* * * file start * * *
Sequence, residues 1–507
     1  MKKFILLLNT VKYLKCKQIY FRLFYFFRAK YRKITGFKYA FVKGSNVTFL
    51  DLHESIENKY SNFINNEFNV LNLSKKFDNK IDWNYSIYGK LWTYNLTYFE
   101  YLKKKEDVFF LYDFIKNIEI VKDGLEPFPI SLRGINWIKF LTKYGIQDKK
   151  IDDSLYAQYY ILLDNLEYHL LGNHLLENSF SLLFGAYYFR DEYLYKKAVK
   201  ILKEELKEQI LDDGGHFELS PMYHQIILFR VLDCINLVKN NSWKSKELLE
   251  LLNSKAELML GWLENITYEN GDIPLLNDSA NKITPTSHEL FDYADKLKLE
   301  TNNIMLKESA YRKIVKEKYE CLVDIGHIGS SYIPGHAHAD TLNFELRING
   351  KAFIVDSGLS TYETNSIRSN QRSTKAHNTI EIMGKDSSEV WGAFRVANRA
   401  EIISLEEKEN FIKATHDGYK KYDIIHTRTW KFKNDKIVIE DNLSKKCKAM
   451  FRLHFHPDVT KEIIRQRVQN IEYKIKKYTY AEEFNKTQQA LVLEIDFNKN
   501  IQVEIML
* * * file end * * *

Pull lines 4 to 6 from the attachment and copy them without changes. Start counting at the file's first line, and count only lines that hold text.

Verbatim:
   101  YLKKKEDVFF LYDFIKNIEI VKDGLEPFPI SLRGINWIKF LTKYGIQDKK
   151  IDDSLYAQYY ILLDNLEYHL LGNHLLENSF SLLFGAYYFR DEYLYKKAVK
   201  ILKEELKEQI LDDGGHFELS PMYHQIILFR VLDCINLVKN NSWKSKELLE